Sugar industry waste helps boost productivity of sodic soils: Experts: The Tribune India

Tribune press service

Karnal, December 22

In a major achievement in reviving the productivity of degraded soils using waste from the sugar industry – pressmud – scientists at the Central Soil Salinity Research Institute (CSSRI) have passed the trial on the sodic soil in the fields of five villages in Kaithal district. Scientists used pressed mud, which is considered an environmental hazard, not only revived the productivity of sodic soils, but also reduced soil sodification, the scientists claimed.

According to scientists, gypsum is usually used by farmers to reclaim their sodic land, but organic waste from sugar industries has the potential to improve sodic land and also increase crop yield in a degraded environment.

Under the Farmer FIRST project, CSSRI scientists led by Principal Investigator Dr. Parvender Sheoran had started trials of pressed mud on the sodic soil of five affected villages – Mundri, Kathwar, Sampli Kheri, Geong and Bhaini Majra in 2016, where about 40 percent of the total land was sodic and 90 percent of the groundwater had residual alkalinity issues. After a four-year experiment, they have now received good results and the productivity of sodium earth has been revived, said CSSRI Director Dr. PC Sharma.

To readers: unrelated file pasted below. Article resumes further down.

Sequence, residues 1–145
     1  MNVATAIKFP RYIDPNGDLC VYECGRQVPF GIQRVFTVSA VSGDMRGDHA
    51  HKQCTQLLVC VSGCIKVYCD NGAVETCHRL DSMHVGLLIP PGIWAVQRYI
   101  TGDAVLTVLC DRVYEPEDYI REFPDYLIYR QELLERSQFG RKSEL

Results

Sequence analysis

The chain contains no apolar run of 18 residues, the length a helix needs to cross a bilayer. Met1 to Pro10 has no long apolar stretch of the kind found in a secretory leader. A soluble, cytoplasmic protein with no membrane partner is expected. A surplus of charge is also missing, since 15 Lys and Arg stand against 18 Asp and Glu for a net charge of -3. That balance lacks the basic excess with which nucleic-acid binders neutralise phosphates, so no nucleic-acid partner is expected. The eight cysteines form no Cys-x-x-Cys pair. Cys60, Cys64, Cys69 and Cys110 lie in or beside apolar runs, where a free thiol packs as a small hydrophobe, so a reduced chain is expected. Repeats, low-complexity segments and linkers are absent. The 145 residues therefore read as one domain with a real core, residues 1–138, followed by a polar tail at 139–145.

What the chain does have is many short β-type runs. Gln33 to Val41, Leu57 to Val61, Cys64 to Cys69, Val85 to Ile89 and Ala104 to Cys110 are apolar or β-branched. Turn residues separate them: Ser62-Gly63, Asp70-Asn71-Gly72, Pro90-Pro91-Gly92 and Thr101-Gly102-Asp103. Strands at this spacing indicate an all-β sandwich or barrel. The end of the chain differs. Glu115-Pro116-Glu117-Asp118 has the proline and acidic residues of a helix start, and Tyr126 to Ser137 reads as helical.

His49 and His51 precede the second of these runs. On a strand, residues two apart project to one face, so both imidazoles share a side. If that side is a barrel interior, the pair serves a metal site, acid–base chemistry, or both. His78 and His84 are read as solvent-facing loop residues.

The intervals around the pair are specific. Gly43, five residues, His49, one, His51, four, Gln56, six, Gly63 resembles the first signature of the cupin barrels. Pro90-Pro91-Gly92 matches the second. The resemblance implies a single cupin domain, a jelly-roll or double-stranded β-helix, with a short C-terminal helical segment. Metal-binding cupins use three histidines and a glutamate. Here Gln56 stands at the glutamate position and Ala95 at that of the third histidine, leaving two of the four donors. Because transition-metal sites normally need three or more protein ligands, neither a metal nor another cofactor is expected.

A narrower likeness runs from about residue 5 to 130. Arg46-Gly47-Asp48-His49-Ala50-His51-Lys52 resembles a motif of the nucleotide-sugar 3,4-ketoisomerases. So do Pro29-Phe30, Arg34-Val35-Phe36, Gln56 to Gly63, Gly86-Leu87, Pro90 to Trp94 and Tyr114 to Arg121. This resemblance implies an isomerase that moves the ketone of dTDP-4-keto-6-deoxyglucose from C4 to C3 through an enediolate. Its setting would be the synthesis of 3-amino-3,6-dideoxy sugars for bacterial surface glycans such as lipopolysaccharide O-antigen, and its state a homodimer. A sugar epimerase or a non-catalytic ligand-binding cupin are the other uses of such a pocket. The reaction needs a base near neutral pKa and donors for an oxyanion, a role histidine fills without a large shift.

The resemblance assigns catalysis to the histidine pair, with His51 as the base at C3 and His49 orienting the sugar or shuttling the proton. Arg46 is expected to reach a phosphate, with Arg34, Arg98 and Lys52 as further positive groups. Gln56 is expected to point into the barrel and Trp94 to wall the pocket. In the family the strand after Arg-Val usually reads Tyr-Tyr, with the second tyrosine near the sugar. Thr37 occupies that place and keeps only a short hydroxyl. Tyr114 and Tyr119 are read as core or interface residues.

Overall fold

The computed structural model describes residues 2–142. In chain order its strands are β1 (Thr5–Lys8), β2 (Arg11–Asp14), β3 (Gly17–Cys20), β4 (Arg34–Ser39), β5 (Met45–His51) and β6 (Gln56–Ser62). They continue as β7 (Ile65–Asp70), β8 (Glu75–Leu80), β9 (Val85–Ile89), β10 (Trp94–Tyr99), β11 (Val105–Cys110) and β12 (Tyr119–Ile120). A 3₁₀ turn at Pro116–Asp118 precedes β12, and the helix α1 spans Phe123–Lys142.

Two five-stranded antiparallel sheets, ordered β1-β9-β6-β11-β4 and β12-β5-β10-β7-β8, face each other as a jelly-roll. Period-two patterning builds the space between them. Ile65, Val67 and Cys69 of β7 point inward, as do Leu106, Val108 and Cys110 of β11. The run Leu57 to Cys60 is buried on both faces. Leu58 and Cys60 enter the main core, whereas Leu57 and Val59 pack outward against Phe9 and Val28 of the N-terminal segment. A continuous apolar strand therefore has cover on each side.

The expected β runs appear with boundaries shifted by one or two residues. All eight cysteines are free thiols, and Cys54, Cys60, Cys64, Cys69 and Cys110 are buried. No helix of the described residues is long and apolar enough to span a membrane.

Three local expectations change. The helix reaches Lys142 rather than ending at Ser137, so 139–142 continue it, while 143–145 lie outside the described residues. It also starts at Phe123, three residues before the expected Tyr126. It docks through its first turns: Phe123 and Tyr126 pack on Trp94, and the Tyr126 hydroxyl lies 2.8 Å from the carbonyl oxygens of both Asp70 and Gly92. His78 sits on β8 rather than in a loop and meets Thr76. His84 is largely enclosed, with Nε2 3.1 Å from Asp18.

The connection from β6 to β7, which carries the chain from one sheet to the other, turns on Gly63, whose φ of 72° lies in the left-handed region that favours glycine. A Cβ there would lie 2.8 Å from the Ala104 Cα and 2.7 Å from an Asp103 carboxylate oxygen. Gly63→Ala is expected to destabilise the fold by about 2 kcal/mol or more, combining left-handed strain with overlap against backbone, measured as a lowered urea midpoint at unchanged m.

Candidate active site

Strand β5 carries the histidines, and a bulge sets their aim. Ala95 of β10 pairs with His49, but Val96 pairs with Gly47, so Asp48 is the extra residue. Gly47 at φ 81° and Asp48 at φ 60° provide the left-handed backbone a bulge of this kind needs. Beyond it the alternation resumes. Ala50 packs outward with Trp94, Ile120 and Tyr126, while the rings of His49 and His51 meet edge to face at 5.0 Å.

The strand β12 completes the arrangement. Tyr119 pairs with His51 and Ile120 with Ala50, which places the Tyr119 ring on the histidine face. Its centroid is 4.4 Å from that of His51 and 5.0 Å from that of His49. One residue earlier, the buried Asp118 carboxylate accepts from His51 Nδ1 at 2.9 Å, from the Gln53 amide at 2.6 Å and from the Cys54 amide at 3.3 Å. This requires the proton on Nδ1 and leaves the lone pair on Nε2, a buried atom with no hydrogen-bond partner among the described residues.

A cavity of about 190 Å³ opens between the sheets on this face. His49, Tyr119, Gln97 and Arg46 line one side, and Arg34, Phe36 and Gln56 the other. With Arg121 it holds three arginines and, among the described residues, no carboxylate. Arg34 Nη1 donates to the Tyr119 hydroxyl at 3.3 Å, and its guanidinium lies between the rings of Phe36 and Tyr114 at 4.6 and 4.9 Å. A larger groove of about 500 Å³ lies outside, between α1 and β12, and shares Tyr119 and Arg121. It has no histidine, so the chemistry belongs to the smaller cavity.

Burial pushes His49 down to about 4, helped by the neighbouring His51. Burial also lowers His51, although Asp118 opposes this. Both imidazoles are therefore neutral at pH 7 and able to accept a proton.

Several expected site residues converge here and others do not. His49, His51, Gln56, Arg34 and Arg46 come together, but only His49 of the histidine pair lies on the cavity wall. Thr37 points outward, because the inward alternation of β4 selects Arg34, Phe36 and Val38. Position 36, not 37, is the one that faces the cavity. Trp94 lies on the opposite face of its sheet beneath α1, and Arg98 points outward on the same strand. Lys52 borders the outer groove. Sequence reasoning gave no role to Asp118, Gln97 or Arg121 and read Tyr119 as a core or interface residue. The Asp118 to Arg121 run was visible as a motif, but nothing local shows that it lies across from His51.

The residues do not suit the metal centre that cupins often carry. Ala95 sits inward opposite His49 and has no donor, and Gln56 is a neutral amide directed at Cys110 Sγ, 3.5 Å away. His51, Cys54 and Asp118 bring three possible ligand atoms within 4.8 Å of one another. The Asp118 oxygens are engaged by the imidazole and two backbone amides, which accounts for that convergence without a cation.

Dr Parvender Sheoran said field assessments of over 125 locations in the rice-wheat system revealed the positive influence of pressed mud in alleviating sodicity stress with appreciable reductions in soil pH and the percentage of exchangeable sodium, with better salt tolerance of plants and improved cereal yields. Economic analysis indicates that pressed mud appears to be an affordable solution to reducing pressure on limited gypsum supplies, Dr Sheoran added. He said the technology has potential agricultural benefits and spin-offs with effective reclamation of degraded land. Farmers are also delighted with this technology as it has significantly reduced sodicity in the soil. “The pressing mud application gives more greenery to the crop and requires less application of urea and also improves soil health,” said Raj Kumar, a farmer.

Rachel J. Bradford